The metric tensor gives a natural isomorphism from the tangent bundle to the cotangent bundle, sometimes called the musical isomorphism. This isomorphism is obtained by setting, for each tangent vector , :$S\_gX\_p\backslash ,\; \backslash stackrel\backslash text\backslash ,\; g(X\_p,\; -),$ the linear functional on which sends a tangent vector at to . That is, in terms of the pairing between and its dual space , :$[S\_gX\_p,\; Y\_p]\; =\; g\_p(X\_p,\; Y\_p)$ for all tangent vectors and . The mapping is a linear transformation from to . It follows from the definition of non-degeneracy that the kernel (set theory), kernel of is reduced to zero, and so by the rank–nullity theorem, is a linear isomorphism. Furthermore, is a symmetric linear transformation in the sense that :$[S\_gX\_p,\; Y\_p]\; =\; [S\_gY\_p,\; X\_p]$ for all tangent vectors and . Conversely, any linear isomorphism defines a non-degenerate bilinear form on by means of :$g\_S(X\_p,\; Y\_p)\; =\; [SX\_p,\; Y\_p]\backslash ,.$ This bilinear form is symmetric if and only if is symmetric. There is thus a natural one-to-one correspondence between symmetric bilinear forms on and symmetric linear isomorphisms of to the dual . As varies over , defines a section of the bundle of vector bundle morphism, vector bundle isomorphisms of the tangent bundle to the cotangent bundle. This section has the same smoothness as : it is continuous, differentiable, smooth, or real-analytic according as . The mapping , which associates to every vector field on a covector field on gives an abstract formulation of "lowering the index" on a vector field. The inverse of is a mapping which, analogously, gives an abstract formulation of "raising the index" on a covector field. The inverse defines a linear mapping :$S\_g^\; :\; \backslash mathrm^*M\; \backslash to\; \backslash mathrmM$ which is nonsingular and symmetric in the sense that :$\backslash left[S\_g^\backslash alpha,\; \backslash beta\backslash right]\; =\; \backslash left[S\_g^\backslash beta,\; \backslash alpha\backslash right]$ for all covectors , . Such a nonsingular symmetric mapping gives rise (by the tensor-hom adjunction) to a map :$\backslash mathrm^*M\; \backslash otimes\; \backslash mathrm^*M\; \backslash to\; \backslash mathbf$ or by the Double dual, double dual isomorphism to a section of the tensor product :$\backslash mathrmM\; \backslash otimes\; \backslash mathrmM.$Arclength and the line element

Suppose that is a Riemannian metric on . In a local coordinate system , , the metric tensor appears as a matrix (math), matrix, denoted here by , whose entries are the components of the metric tensor relative to the coordinate vector fields. Let be a piecewise-differentiable parametric curve in , for . The arclength of the curve is defined by :$L\; =\; \backslash int\_a^b\; \backslash sqrt\backslash ,dt\; \backslash ,.$ In connection with this geometrical application, the quadratic form, quadratic differential form :$ds^2\; =\; \backslash sum\_^n\; g\_(p)\; dx^i\; dx^j$ is called the first fundamental form associated to the metric, while is the line element. When is pullback (differential geometry), pulled back to the image of a curve in , it represents the square of the differential with respect to arclength. For a pseudo-Riemannian metric, the length formula above is not always defined, because the term under the square root may become negative. We generally only define the length of a curve when the quantity under the square root is always of one sign or the other. In this case, define :$L\; =\; \backslash int\_a^b\; \backslash sqrt\backslash ,dt\; \backslash ,\; .$ Note that, while these formulas use coordinate expressions, they are in fact independent of the coordinates chosen; they depend only on the metric, and the curve along which the formula is integrated.The energy, variational principles and geodesics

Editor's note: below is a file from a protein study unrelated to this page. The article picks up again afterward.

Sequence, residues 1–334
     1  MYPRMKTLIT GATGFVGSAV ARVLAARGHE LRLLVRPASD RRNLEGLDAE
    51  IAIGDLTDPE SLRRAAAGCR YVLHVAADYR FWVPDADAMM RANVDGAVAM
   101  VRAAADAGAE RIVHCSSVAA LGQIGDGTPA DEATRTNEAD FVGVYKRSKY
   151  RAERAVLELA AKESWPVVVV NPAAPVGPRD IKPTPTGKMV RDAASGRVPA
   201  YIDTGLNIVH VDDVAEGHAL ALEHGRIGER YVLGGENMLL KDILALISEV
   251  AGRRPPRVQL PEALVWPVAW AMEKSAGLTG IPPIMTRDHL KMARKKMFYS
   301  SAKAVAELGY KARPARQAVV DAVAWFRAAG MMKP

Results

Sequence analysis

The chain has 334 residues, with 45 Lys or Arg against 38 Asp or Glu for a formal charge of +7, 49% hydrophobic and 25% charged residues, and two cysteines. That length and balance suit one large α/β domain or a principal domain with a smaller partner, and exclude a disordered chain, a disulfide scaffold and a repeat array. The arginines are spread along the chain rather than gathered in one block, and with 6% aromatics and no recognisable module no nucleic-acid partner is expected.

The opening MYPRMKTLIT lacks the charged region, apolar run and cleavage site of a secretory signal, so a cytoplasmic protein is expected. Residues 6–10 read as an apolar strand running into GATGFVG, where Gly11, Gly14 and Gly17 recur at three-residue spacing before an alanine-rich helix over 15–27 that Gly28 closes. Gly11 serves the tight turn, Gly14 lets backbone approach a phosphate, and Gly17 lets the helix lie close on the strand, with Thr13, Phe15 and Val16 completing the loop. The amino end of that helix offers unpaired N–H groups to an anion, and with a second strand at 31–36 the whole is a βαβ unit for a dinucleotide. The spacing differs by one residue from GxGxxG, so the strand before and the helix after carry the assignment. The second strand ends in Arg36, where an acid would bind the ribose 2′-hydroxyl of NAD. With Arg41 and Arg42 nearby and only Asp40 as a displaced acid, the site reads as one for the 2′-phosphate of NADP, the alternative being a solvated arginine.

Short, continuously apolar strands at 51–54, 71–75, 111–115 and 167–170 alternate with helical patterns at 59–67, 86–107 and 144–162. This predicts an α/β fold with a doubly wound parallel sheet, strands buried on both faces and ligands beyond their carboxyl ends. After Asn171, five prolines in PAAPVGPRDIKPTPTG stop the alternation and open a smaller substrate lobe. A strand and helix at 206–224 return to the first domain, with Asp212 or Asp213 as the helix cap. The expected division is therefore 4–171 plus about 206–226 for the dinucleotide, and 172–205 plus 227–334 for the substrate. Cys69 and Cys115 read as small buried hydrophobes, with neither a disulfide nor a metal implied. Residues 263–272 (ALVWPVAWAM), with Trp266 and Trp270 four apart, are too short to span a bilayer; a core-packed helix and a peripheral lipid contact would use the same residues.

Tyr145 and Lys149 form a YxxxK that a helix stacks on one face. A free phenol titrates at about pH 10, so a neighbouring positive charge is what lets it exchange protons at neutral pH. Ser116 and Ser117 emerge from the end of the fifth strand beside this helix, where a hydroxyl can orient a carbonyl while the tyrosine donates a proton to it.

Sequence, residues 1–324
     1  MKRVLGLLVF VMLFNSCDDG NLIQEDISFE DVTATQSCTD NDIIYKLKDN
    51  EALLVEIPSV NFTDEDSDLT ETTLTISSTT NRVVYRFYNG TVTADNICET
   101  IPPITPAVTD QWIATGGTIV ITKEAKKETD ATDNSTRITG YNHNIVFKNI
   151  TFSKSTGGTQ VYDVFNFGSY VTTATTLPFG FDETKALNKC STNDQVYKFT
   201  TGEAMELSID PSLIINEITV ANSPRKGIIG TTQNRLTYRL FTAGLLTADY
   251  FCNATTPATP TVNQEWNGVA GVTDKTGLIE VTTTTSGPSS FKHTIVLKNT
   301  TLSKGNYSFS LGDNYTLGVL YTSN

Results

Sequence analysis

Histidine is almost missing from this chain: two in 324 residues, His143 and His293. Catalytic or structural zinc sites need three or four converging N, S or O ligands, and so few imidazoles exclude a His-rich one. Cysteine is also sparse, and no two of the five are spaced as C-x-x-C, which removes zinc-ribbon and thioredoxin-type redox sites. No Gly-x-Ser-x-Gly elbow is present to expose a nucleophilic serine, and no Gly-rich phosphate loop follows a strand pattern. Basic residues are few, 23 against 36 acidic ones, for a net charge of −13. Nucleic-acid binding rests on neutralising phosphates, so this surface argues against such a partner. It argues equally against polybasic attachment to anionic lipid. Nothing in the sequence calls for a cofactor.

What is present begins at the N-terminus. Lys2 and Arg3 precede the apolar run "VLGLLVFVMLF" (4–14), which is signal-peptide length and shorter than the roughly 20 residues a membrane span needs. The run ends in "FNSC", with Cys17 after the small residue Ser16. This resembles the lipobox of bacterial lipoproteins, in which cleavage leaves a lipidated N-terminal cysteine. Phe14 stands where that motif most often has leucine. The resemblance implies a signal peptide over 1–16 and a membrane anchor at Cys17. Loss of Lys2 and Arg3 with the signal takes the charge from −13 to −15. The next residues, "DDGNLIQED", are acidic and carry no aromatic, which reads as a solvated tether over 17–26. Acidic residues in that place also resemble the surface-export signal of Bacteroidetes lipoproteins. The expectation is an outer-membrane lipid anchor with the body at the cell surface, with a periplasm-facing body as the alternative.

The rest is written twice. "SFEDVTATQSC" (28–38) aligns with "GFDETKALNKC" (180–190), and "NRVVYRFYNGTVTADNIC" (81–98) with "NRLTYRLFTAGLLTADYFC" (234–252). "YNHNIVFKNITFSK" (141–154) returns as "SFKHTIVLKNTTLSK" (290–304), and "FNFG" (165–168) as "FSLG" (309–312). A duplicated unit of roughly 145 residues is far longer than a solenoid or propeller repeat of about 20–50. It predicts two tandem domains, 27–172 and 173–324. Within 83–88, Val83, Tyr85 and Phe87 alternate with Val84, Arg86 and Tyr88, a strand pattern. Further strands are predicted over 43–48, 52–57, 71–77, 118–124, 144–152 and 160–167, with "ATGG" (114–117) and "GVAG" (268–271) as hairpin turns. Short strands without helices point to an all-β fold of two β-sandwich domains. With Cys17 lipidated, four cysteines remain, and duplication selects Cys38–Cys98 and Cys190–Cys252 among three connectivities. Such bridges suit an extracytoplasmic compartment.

Given a segment of a curve, another frequently defined quantity is the (kinetic) energy of the curve: :$E\; =\; \backslash frac\; \backslash int\_a^b\; \backslash sum\_^ng\_(\backslash gamma(t))\; \backslash left(\backslash fracx^i\; \backslash circ\; \backslash gamma(t)\backslash right)\backslash left(\backslash fracx^j\; \backslash circ\; \backslash gamma(t)\backslash right)\backslash ,dt\; \backslash ,.$ This usage comes from physics, specifically, classical mechanics, where the integral can be seen to directly correspond to the kinetic energy of a point particle moving on the surface of a manifold. Thus, for example, in Jacobi's formulation of Maupertuis' principle, the metric tensor can be seen to correspond to the mass tensor of a moving particle. In many cases, whenever a calculation calls for the length to be used, a similar calculation using the energy may be done as well. This often leads to simpler formulas by avoiding the need for the square-root. Thus, for example, the geodesic equations may be obtained by applying variational principles to either the length or the energy. In the latter case, the geodesic equations are seen to arise from the principle of least action: they describe the motion of a "free particle" (a particle feeling no forces) that is confined to move on the manifold, but otherwise moves freely, with constant momentum, within the manifold.Canonical measure and volume form